Why You Should Be Writing in a Series
by Tom Ashford
I have two favourite authors, both fairly prolific. On one hand I have Stephen King, who very rarely writes in a series – and that’s what I like about his books. They’re usually isolated stories – chunky nuggets of horror from beginning to end. But on the other hand I have Terry Pratchett, a British author who’s most famous for his sprawling series of Discworld novels – forty-one in total, plus various accompanying books. And that’s what I like about them – that the characters and universe of his stories build up over time, into something almost organic.
Most indie authors – not all, but most – seem to write in series, even if the books within those series can be read on their own. If you’re new to the self-publishing industry you might be asking yourself why that is. After all, there are plenty of big name authors who only write standalone novels – Stephen King, Neil Gaiman, etc. Well, here are three Bs to keep in mind: Brands, Backlists and Box-sets.
Well, you could argue that even though authors as well-known as Stephen King don’t write in brands and franchises, they themselves have become brands. If you enjoy a Neil Gaiman novel you know you’re going to enjoy his next one, even if all the characters and stories are different. You can see this in full effect by looking at the current rush to adapt every story Stephen King has ever thought of into a feature film – Pet Sematary isn’t a brand, but Stephen King is.
And people love brands. Harry Potter. James Bond. Fast and Furious. The twenty film strong Marvel Cinematic Universe (with between three and infinite more films still to come). Look at the way we consume content on Netflix. We don’t want episodes drip-fed to us over weeks and months – we want to gorge and binge on the whole lot the second it becomes available.
So how can you take advantage of that consumer behaviour in regard to writing books? You’ve guessed it – by writing them in a series. It’s easier to get readers to buy a book in a series they’re already a fan of than convince them to try something new.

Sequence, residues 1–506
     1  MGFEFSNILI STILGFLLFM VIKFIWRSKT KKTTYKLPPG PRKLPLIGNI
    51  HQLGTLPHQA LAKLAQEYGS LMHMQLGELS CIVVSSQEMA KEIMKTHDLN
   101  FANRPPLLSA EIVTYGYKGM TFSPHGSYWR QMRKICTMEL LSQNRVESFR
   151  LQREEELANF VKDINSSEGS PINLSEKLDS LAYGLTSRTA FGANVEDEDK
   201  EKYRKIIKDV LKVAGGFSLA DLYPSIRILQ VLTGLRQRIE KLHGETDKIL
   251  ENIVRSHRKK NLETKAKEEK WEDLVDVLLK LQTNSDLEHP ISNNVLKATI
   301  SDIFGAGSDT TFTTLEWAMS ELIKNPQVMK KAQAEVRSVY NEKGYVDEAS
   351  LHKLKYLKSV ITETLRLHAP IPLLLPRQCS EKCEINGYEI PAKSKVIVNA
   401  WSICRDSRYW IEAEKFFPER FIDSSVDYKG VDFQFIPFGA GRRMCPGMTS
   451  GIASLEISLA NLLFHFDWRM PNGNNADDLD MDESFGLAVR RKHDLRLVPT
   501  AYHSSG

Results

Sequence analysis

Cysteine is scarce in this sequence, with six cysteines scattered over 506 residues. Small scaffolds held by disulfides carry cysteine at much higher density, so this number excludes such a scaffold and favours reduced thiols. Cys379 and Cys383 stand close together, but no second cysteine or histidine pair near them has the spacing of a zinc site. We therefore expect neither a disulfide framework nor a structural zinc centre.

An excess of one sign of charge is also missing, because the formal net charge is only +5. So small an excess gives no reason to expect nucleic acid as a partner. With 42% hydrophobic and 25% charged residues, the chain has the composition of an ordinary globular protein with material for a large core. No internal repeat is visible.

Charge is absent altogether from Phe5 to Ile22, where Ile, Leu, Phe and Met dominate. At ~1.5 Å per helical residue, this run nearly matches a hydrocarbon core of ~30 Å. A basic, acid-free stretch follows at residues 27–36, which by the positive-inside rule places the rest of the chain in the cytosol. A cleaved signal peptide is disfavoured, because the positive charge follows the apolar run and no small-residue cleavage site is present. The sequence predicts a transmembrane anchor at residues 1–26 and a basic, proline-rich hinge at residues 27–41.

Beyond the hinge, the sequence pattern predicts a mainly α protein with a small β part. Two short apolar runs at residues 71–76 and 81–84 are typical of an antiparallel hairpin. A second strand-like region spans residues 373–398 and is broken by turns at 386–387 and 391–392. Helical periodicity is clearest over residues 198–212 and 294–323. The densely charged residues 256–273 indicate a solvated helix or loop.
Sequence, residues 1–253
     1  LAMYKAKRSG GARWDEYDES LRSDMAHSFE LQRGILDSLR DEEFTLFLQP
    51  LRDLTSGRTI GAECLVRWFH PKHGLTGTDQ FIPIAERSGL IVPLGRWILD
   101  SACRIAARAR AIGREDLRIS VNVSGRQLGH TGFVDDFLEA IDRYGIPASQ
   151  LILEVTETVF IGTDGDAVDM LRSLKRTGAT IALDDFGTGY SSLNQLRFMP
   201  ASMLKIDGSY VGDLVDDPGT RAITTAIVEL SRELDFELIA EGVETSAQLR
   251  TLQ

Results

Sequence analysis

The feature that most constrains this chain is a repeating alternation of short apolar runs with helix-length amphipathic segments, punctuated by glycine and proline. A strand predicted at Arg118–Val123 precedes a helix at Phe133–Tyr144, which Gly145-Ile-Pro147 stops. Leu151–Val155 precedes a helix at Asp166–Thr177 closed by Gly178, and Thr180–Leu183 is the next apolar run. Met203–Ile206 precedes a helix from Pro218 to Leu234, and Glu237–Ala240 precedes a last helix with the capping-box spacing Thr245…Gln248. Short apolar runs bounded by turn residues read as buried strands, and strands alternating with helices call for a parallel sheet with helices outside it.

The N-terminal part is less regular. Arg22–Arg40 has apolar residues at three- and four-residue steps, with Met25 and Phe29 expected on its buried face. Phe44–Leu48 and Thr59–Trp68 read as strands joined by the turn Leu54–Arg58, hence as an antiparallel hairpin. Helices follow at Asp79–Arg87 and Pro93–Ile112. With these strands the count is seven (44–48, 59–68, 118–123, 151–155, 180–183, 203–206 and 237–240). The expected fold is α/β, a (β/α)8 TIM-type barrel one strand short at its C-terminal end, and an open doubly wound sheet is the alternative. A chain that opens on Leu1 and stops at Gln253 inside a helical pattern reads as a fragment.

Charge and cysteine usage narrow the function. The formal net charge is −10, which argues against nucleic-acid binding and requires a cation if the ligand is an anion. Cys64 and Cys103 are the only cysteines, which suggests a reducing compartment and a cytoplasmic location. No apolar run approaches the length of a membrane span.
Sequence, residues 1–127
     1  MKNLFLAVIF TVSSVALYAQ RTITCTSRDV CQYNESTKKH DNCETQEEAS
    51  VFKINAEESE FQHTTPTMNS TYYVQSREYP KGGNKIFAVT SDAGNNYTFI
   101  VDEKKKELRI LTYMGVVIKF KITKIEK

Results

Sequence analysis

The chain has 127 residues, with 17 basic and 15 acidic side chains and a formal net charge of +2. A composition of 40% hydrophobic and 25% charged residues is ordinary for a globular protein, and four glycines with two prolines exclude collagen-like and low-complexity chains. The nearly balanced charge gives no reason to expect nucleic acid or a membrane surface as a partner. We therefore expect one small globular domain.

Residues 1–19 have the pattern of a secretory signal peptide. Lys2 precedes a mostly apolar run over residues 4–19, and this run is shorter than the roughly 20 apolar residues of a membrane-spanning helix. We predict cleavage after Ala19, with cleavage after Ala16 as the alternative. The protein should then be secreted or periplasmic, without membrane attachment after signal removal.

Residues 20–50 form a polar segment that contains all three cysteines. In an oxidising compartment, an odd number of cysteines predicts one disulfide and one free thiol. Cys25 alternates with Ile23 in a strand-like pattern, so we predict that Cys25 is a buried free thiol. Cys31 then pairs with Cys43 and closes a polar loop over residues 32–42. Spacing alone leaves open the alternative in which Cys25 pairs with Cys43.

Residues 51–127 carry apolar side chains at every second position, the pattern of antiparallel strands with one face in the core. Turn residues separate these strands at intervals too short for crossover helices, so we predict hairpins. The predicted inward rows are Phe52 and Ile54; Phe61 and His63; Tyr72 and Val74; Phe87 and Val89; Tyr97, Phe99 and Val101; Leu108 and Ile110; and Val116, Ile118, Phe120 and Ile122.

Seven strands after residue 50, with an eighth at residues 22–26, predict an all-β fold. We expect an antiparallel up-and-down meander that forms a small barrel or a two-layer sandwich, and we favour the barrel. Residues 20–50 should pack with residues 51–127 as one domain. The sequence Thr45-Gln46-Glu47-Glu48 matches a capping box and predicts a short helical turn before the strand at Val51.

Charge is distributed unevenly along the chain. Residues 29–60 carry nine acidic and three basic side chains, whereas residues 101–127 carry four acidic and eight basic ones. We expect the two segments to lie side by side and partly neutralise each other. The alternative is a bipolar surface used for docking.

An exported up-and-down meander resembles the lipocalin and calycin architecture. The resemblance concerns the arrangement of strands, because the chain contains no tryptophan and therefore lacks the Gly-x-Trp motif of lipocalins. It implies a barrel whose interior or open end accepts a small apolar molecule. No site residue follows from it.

But that’s not the only reason. As you might have gathered from your indie author journey already, having a sizeable backlist to encourage read-through is all important. It helps turn a low or even negative click-through-rate into an overall positive, as people buying (or downloading for free) your advertised book go on to buy your others. Writing in a series not only makes it potentially easier to build up that backlist, but it removes yet another barrier to making that read-through happen. Your reader doesn’t need to take a gamble on a fresh story when they already know they’ll enjoy more in the series they’re already working through.
It also makes it easier to direct your reader to the next book. Take Amazon, for example: you can link multiple books in a series together so that they have their own page. Let’s say that someone downloads my book, Blackwater: Vol. One. With just one click on the series link at the top of its Amazon page (just below the title and reviews), they can see – and with any luck, buy – the other books in the series. That’s easier than scrolling through my author page to see which of my other books might appeal to them.
And if none of the above reasons have you convinced, here’s one that might: it’s an easier way to make money.
Let’s say you have three books in a series priced at $3.99 each. There’s decent royalties to be got there, but it also requires three points of purchase – three opportunities for your reader to decide to save that money or spend it someplace else. But combine all three books into a box-set and suddenly you have an $8.99, maybe $9.99 product to sell… one that looks like a bargain to your reader, and has only that single point of purchase.
That helps with advertising, too. Turning a profit when marketing a book, even one at £3.99/$4.99, is hard. You need to get a very cheap cost-per-click and a decent conversion rate in regard to people purchasing your book. But those risks are offset when marketing a box-set by its higher price – you only need two people to buy a £5.99 box set on a £5 a day advert and you’re turning a profit, even before you take into account any read-through or page-reads from Kindle Unlimited.
So there you have it: three reasons you should be writing in a series. Of course, there are plenty of indie authors who find a lot of success writing standalone books and, personally, if I’m buying something new then a standalone is often what I’ll go to first. But there’s no doubting that writing interconnected stories, or at the very least connecting your standalone fiction and non-fiction books together, is the easier path to follow.
Have you found writing a series to be easier than standalone books? Or are you more successful when penning isolated stories? Let us know in the comment section below!
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